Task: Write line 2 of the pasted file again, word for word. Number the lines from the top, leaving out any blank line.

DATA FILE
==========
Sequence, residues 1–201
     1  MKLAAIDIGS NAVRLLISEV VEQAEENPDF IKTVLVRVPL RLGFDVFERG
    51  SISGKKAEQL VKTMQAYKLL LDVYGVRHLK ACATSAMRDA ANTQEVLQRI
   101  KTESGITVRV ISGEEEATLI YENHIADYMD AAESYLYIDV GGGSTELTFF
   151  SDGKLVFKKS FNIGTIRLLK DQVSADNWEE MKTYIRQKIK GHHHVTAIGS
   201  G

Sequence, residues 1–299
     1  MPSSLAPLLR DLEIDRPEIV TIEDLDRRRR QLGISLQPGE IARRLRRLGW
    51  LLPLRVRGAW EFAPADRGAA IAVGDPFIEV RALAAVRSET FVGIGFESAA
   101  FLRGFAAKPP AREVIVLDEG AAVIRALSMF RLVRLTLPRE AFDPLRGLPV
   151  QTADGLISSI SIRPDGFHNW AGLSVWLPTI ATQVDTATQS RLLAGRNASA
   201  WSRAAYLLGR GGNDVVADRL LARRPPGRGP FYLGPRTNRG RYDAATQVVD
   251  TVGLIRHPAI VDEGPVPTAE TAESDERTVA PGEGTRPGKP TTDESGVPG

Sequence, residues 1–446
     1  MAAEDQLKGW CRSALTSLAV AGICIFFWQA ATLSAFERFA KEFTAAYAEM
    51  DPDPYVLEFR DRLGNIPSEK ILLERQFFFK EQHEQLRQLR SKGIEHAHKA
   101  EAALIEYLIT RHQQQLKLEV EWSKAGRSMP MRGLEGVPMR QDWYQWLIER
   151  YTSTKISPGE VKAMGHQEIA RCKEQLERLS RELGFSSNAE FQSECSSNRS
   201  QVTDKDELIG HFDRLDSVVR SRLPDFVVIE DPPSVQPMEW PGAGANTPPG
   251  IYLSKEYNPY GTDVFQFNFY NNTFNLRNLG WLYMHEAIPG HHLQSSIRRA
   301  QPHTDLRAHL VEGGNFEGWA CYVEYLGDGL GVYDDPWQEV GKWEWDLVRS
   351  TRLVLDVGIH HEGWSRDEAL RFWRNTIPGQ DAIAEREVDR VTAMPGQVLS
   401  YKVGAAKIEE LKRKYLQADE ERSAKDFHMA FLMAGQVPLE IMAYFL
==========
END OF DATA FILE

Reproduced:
     1  MKLAAIDIGS NAVRLLISEV VEQAEENPDF IKTVLVRVPL RLGFDVFERG